It’s games like Forgotton Anne that make me really glad that initiatives like Square Enix Collective exist.
For the uninitiated, Square Enix Collective is Square Enix’s ‘indie’ arm; it publishes a range of titles from otherwise unrepresented indie developers. There’ve been some great titles since the project started, but Forgotton Anne might be my favourite yet. Forgotton Anne is something really special.
Forgotton Anne places you in the shoes of the titular Anne, the Enforcer of the Forgotten Lands. Set in a realm where all forgotten items end up, it’s a magical tale where inanimate objects come to life. It’s Anne’s job to keep order across the Forgotten Lands, but she’s got her work cut out; a rebellion uprising is kicking off, throwing the realm into uncertainty. It’s a 2D puzzle-platformer at its core, but it’s in its visuals and storytelling where Forgotton Anne really shines.
Developed by Throughline Games, Forgotton Anne is the first title from the studio. You wouldn’t know from looking at it. The gorgeous artwork is at the forefront of the experience, and it’ll instantly grab you. Forgotton Anne has the look and feel of a 1990s Studio Ghibli animation; characters and environments are brought to life with an exquisite level of detail that’s rarely seen in video games from any studio. It’s a real treat to experience.
The narrative is fairly simple, but it’s beautifully delivered, thanks in part to a talented cast of voice actors. Anne, and every character she meets along her journey, is brought to life with an abundance of personality. The ‘forgotlings’ – the items that end up in the Forgotten Lands – will undoubtedly bring a smile to your face with their wide range of regional accents. Never before will you have enjoyed conversing with a scarf so much.
There’s a good balance between gameplay and storytelling throughout the game. But while the story feels constantly fresh and engaging, the gameplay sometimes outstays its welcome. It’s not bad by any stretch of the imagination, but it’s clear that the game’s mechanics have always been secondary to its stellar visuals and storytelling. Forgotton Anne is a 2D platformer first and foremost. You’ll be expected to do a lot of environmental traversal by jumping across platforms. Anne’s got a few moves at her disposal: a regular jump, a running jump, and a wing-powered jump that can only be used when your anima – a source of power that Anne can control – is full. The trouble is, her moveset feels clunky. Your input is a little delayed, which makes timing those harder-to-reach jumps rather woeful.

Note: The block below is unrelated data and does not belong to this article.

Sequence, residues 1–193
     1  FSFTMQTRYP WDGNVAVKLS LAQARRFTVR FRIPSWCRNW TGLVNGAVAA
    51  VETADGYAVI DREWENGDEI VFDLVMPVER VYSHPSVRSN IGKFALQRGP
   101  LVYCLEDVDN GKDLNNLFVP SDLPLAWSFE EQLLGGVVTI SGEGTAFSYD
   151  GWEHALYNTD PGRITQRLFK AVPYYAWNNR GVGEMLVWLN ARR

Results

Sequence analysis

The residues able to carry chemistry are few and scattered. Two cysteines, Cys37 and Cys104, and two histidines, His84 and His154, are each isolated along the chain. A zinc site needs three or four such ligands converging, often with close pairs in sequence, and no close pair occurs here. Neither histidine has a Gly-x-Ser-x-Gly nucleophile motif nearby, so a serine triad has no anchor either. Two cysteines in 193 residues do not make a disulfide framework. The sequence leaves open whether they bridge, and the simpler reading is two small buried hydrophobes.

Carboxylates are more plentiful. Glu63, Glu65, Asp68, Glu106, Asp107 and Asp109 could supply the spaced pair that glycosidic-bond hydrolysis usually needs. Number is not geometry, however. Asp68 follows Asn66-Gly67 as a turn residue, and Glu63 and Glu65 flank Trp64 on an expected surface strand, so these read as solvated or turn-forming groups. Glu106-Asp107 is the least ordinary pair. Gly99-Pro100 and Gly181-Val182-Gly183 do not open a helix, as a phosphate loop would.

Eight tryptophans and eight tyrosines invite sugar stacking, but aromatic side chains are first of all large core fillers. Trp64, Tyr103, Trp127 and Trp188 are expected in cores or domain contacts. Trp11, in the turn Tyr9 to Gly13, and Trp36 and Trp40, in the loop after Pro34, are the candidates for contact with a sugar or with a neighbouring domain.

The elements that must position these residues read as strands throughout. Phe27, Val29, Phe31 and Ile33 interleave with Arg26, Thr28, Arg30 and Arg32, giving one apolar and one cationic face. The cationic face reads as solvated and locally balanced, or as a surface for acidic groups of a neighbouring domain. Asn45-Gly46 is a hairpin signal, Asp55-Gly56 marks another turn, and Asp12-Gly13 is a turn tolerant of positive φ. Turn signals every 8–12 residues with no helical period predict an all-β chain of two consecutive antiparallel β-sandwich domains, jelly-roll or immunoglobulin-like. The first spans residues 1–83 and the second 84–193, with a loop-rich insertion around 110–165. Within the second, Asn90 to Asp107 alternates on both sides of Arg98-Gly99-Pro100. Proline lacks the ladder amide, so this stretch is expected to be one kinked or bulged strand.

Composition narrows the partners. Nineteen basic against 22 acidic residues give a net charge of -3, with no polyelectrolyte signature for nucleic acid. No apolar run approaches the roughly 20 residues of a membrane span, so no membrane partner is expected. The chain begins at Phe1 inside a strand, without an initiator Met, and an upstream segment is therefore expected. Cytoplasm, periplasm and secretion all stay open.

It’s an unfortunate downside to Forgotton Anne’s animated movie-like visuals. Platform games should feel fluid and responsive, and the gameplay really suffers as a result. Thankfully, jumping through the environment isn’t all that Forgotton Anne is; the game also offers up a wealth of puzzles. You’ll make use of Anne’s anima power – which allows her to drain and charge electricity from certain items – in order to turn switches, open doors and otherwise pass from area to area. There’s nothing that will stump you for too long, and while there isn’t anything particularly remarkable, the puzzles are at least enjoyable to solve.
One to remember
Forgotton Anne’s gameplay, then, is fairly standard. But coupled with the gorgeous visuals and storytelling, it becomes something worth remembering. Forgotton Anne’s cutscenes make you feel like you’re watching an animated movie, and getting to watch the story unfold is reward enough for progressing through each segment of gameplay. The game kept me enthralled; even if missing the odd jump was a little frustrating.
I don’t want to spoil the story, as unravelling it is surely the draw of Forgotton Anne, but it’s sufficiently captivating without ever being too over the top; it really is the sort of narrative you can imagine playing out in a Ghibli film. Throughline Games really ought to be applauded; Forgotton Anne is something rather special. If this is the calibre of the studio’s first game, I really can’t wait to see what else it comes up with.